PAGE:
"THE GRAND FINALE IN A GREAT DRAMA": FIRST EDITION OF FOX'S HISTORY OF JAMES II, EXTRA-ILLUSTRATED, ONE OF ONLY 50 LARGE-PAPER COPIES
(JAMES II) FOX, Charles James. A History of the Early Part of the Reign of James the Second; With an Introductory Chapter. London: William Miller, 1808. Large quarto (11-1/2 by 14 inches), contemporary full polished calf, elaborately gilt-decorated spine, raised bands, red morocco spine label, Hyett emblem in gilt on covers, marbled endpapers and edges. $3000.
First edition, very scarce large-paper issue, of Fox’s well-known History of James II, whose controversial reign ended with England's Glorious Revolution, laying the "ground rules for the British constitutional monarchy." An excellent, wide-margined copy in contemporary calf, extra-illustrated with three contemporary engravings, from the library at Painswick House, with the Hyett emblem in gilt on the covers.
From the moment James II was crowned in Westminster Abbey in 1685 to the conclusion of his ill-fated reign with England's Glorious Revolution, much of the nation became certain its "Protestant institutions and liberties were about to be overturned." When James II was forced from the throne, it "was the grand finale in the great drama of the struggle between the Stuart kings and Parliament which had taken center stage for so much of the 17th century. It laid the ground rules for the British constitutional monarchy" (Fraser, 380-84). This well-regarded history by Charles Fox "represents the chief aim of James to be the establishment of civil despotism rather than the overthrow of the Church of England" (DNB). Scrupulously researched, it was written by a man who also knew controversy. "A brilliant orator… Charles Fox never fulfilled his immense potential as a politician." Yet his advocacy "of "civil and religious reformers inspired many later reformers" and after Fox's death in 1806, this first edition of his History was published posthumously (Cannon, 390). This is one of 50 copies Lowndes notes as printed on "elephant paper." With engraved frontispiece, as issued; this copy extra-illustrated with three engravings mounted on paper and bound in (another portrait of Fox, an image of Rye House, and a depiction of Argyll's execution). Lowndes, 827. Allibone I:624. From the library at Painswick House, with the Hyett family crest as a gilt centerpiece on the covers. Painswick House, surrounded by a rococo garden, was built in the 1730s by Charles Hyett to escape the smog of Gloucester, though he died not long after moving there, in 1738. Occasional penciled marginalia; three pages of manuscript notes in pencil (on one bifolio) laid in.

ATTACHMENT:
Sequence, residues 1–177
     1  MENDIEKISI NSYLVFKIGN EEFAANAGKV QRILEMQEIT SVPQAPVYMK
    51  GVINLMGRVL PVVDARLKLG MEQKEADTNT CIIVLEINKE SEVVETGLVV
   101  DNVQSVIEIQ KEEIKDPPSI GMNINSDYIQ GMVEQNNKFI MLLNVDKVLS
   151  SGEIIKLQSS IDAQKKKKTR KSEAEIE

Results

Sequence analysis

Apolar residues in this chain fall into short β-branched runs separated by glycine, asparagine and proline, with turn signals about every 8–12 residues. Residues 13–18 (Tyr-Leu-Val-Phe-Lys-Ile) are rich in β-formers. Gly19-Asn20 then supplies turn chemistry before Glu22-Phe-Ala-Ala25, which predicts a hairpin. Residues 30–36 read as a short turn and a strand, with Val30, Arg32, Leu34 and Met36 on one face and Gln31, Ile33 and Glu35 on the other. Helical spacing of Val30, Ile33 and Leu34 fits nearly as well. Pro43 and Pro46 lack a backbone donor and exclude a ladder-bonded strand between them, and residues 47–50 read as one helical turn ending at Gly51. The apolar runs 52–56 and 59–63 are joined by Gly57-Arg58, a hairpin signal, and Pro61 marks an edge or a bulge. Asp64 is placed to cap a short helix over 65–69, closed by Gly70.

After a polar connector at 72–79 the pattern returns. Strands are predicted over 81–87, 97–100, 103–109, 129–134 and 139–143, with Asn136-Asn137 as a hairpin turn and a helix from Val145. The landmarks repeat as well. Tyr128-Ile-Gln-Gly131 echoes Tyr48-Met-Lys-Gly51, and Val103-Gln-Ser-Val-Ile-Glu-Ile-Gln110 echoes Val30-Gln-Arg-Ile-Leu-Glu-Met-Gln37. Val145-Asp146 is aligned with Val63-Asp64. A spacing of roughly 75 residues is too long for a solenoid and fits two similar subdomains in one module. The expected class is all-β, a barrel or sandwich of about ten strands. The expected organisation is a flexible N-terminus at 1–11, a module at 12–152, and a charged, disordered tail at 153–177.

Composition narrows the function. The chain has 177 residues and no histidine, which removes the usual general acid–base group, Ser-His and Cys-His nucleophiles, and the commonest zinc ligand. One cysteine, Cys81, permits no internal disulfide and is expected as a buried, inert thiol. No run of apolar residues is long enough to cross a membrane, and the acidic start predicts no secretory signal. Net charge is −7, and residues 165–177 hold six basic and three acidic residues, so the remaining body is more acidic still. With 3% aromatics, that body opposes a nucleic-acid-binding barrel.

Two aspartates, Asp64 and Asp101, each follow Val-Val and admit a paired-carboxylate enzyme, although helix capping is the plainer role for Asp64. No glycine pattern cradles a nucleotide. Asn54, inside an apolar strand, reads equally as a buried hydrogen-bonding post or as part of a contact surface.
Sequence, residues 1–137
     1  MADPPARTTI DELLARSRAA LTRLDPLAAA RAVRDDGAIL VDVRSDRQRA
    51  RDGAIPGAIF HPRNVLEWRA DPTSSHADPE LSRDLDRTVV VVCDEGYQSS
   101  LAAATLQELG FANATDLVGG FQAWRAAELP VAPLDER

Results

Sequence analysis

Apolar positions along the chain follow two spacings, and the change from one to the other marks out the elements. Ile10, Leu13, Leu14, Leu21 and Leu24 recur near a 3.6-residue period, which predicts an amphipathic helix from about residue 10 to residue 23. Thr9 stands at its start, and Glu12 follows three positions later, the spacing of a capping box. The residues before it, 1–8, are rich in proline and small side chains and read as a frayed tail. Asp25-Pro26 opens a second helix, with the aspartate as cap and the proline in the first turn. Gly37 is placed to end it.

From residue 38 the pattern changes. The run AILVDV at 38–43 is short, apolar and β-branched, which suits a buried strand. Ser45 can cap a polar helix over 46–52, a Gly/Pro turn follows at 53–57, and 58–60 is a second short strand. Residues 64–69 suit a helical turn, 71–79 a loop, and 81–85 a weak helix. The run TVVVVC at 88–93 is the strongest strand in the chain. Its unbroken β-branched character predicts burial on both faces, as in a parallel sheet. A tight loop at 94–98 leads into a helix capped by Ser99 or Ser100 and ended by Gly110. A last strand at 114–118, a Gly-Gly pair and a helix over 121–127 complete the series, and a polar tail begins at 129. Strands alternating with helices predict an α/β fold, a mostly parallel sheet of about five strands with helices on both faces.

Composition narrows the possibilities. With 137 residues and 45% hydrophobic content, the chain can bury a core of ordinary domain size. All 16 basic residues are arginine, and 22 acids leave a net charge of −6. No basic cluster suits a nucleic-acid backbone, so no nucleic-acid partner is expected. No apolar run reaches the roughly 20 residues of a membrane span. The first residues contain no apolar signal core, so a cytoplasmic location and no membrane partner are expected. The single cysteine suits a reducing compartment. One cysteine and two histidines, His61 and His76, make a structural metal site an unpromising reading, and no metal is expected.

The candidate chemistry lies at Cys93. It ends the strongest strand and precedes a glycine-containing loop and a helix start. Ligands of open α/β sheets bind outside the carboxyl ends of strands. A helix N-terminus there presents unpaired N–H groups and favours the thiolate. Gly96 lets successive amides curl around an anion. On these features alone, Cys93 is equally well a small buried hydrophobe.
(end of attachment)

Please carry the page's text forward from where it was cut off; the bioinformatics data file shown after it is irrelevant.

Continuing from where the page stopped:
Mild foxing to frontispiece; text quite clean and fine. Front joint expertly repaired, lower corners with expert restoration. An excellent, very handsome, large-paper copy with distinguished provenance.